Voicelessness and Emotional SurvivalRichard A. Grossman, Ph.D.

Therapy on the High Seas: A Search for Self

(in memory of H.)

H. drank for thirty years, so much and so frequently that his heart, swimming continuously in alcohol, was failing. He was still drinking when he came to see me. 

Long ago H. had discovered that no one heard him. Not his parents who were wrapped up in their own worlds, not his siblings, not his friends. Of course they all thought they did, but they didn’t. When he turned sixteen, he decided to change his last name to the name of his maternal grandmother. He remembered a few warm times they had spent together. 

He had seen many psychiatrists and psychologists in the past. None of them had heard him either. They had all fit him into the their boxes: he was an alcoholic, a manic-depressive, paranoid, one personality disorder or another, and treated him accordingly. He had tried A.A. but found that too mechanical and regimented for his taste. 

When he showed up in my office at Massachusetts General Hospital, I wondered whether I would be able to help him. So many highly credentialed psychiatrists and psychologists had tried and failed. And I wondered how much longer he was going to live. But his story was compelling: he was exceptionally bright, he had a Ph.D. in Anthropology from Yale, and had taught at a variety of colleges before his emotional problems and drinking had become too severe. So, I decided to give it a try.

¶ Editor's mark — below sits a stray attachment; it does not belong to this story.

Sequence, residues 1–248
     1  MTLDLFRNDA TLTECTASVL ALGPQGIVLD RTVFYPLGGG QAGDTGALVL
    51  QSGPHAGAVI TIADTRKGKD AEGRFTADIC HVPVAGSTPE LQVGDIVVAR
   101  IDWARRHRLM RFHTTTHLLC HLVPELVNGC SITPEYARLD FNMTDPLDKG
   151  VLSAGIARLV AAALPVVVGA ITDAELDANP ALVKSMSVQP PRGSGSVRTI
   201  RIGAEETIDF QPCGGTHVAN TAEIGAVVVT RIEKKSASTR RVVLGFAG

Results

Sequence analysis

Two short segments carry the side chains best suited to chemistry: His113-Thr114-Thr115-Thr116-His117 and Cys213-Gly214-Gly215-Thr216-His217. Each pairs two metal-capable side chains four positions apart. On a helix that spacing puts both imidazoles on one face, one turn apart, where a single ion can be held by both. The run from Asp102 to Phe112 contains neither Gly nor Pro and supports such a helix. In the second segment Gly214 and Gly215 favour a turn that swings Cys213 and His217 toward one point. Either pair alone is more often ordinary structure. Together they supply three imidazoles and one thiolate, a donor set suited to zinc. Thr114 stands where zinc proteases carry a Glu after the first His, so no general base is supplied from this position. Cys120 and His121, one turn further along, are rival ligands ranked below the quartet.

In between teaching jobs, H. told me he had bought a sailboat and for a number of years sailed all over the world. He loved long ocean voyages. On the boat he made personal, intimate contact with friends and crew that he had always longed for but could never find elsewhere. There was none of the phoniness of day to day life–people were genuine; on the open ocean game playing quickly disappeared, people relied upon each other for survival. 

So, how was I going to help him? From his stories and the way his life had proceeded, I knew he was telling the truth about his family. They had never heard a word he said; not from his earliest days on. And because of his sensitivity to their deafness, his life was tortured. He wanted so much for someone to hear and yet no one would or could. I told him I knew this was true, and that he did not need to convince me any further. The other thing I told him was that because no one had heard him for all of these years, I was certain he had thousands of stories to tell about his life, his disappointments, his wishes, his successes, and I wanted to hear them all. I knew that this would be like a long ocean voyage; that my office was our boat; he was going to tell me everything. 

And so he did. He told me about his family, his friends, his ex-wife, his working in some of the fancy restaurants around town as a chef’s helper, his drinking, his theories about the world. He gave me books by the Nobel physicist, Richard Feynman, videotapes on chaos theory, anthropology books, scientific papers he had written; I listened, thought, read. Week after week, month after month, he talked and talked and talked. One year into therapy he stopped drinking. He merely said that he didn’t feel the need any more. We hardly spent any time talking about it: there were more important things to talk about.